Getting behind the new generation

Intro by Joe Courter

What we are witnessing, at least to those prepared to look, is a generation change in the Democratic party.  Being a person of that older generation, I found Ryan Grim’s article in the Washington Post, “Haunted by the Reagan era,” quite valuable, explaining the timidity of the Democratic party leadership and the bold fire of the next generation coming in.  A lot has to deal with perceptions of the power of the Reagan-era Republicans to those who lived through their reign, and the new generation shaped by Obama, with all the hope and disappointment therein. The concluding paragraphs of the article are below, but you can read the whole thing here:

“A lot of us were politicized under Obama,” Varshini Prakash, a co-founder of the Sunrise Movement, which focuses on climate change, told me. “We were like, ‘We don’t need to take control of the government, because . . . there’s this benevolent figure in the government who likes us and cares about the issues we care about, or at least says he does, and all we need to do is convince him of the right course of action.’ And that proved to be untrue.” 

Whether it was expanding the use of drones to kill militants overseas, ramping up deportations of immigrants here, coming up short on health-care reform, failing to jail a single Wall Street executive for the lending and trading practices that blew up the global financial system or declining to investigate Bush administration officials for presiding over torture, young progressives realized they’d have to fight their own party as well.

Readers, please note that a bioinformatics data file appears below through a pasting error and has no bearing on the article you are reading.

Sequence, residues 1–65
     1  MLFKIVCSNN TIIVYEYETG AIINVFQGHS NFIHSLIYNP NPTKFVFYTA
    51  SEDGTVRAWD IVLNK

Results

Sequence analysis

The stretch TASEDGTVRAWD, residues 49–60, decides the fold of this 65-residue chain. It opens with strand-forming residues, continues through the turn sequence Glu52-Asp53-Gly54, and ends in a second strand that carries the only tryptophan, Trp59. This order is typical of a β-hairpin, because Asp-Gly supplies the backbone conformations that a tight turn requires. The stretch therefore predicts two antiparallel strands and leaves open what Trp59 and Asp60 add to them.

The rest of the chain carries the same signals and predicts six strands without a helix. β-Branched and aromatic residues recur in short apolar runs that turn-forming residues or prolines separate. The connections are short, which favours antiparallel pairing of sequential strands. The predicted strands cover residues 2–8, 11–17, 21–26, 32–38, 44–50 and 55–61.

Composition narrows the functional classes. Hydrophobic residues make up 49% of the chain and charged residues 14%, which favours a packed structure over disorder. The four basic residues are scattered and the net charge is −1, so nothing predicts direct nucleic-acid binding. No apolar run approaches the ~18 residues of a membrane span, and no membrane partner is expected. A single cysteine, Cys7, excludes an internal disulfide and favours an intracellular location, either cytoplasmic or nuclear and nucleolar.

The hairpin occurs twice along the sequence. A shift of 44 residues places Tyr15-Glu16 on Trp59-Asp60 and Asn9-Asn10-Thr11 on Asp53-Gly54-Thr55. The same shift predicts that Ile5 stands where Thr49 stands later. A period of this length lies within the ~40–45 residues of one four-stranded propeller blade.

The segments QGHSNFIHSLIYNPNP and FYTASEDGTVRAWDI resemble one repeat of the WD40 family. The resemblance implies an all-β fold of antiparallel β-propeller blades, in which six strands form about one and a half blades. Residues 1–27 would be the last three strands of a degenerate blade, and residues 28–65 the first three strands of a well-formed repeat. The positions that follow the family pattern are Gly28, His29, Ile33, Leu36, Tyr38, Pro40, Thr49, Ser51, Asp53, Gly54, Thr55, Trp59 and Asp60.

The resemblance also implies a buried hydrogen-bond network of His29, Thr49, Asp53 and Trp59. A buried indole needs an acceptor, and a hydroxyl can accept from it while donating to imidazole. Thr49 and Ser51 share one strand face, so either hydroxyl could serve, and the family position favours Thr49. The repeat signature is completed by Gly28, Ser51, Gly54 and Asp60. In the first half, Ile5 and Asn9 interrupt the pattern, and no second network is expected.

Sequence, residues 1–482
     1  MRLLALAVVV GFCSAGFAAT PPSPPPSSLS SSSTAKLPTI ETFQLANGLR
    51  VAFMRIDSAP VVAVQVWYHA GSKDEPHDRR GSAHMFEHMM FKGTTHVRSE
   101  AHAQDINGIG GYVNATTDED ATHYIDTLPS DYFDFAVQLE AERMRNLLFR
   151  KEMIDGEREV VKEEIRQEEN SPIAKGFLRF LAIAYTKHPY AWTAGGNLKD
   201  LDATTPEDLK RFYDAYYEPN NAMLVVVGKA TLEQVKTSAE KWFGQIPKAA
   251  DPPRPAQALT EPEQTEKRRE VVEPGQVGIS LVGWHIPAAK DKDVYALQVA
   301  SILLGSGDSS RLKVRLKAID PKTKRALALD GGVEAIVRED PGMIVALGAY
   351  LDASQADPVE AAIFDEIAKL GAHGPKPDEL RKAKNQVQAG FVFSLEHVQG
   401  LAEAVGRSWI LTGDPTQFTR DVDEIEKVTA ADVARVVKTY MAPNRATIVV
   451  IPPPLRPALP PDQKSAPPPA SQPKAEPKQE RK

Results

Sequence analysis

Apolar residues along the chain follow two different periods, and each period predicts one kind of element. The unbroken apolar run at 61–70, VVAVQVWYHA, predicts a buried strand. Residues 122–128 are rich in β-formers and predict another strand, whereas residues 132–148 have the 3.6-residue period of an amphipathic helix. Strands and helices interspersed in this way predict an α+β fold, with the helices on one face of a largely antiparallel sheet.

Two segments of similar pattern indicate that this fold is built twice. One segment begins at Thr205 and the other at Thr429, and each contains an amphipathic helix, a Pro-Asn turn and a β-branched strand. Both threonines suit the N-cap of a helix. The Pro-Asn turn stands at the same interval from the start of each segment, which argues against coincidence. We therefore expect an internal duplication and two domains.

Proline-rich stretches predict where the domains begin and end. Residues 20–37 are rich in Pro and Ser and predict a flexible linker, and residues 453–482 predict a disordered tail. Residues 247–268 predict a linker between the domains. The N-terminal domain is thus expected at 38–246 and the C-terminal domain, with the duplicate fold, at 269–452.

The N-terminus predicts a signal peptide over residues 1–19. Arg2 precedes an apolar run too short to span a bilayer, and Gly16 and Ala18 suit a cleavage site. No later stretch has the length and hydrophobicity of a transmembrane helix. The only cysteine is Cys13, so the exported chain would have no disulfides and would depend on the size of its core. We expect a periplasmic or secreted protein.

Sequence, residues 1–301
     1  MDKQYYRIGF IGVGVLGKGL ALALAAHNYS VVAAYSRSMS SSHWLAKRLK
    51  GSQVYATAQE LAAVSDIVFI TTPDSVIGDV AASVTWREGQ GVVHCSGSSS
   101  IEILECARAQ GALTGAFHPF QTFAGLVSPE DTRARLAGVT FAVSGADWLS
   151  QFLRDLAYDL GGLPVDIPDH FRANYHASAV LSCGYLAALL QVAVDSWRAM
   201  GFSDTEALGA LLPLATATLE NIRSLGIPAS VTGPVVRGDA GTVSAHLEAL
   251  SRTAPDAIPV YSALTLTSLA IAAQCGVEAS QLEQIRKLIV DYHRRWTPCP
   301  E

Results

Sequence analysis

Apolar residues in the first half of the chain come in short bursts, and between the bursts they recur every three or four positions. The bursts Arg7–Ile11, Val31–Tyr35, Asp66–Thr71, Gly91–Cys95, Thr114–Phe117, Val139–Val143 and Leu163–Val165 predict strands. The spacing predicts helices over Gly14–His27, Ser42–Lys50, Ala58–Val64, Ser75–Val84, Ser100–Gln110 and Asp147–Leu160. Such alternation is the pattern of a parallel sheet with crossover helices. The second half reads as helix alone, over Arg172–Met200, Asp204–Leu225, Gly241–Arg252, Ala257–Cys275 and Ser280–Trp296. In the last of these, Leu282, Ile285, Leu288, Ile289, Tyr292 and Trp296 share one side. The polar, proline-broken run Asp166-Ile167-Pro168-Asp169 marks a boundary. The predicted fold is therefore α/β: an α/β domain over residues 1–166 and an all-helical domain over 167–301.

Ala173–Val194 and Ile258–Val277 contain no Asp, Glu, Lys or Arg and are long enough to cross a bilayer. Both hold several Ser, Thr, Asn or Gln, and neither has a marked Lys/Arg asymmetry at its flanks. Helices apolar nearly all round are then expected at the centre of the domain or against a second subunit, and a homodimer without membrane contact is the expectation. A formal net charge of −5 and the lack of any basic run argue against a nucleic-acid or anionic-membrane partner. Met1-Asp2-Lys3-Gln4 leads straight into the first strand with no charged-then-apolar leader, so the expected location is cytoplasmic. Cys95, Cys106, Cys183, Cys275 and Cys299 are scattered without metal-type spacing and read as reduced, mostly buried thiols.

Prakash said she was particularly stunned to learn that the Obama administration, relying on polling data, advised its green allies to discard the term “climate change” in their messaging. “Clean energy,” officials suggested, would suffice—a rubric that “clean” coal companies and natural gas producers were happy to adopt.

Ocasio-Cortez said she has seen how fear shapes senior members of her caucus and their approach to politics. 

“When it comes to defending why we don’t . . . push visionary legislation, I hear the line so frequently from senior members, ‘I want to win,’ ” she said. “But what they mean by that is, ‘I only want to introduce bills that have a 100 percent chance of passing almost unanimously.’ But for new members, what’s important isn’t just winning but fighting. I don’t care about losing in the short term, because we know we’re fighting for the long term.”

On the Friday after the midterm elections, an activist with the Sunrise Movement reached out to Ocasio-Cortez’s camp with a request. They planned to occupy Pelosi’s office the following Tuesday, demanding a commitment to push for a green-jobs guarantee. Would Ocasio-Cortez put out a supportive statement? Or perhaps even a tweet?

No, she told them. I’ll join you. But first, you need to demand more.

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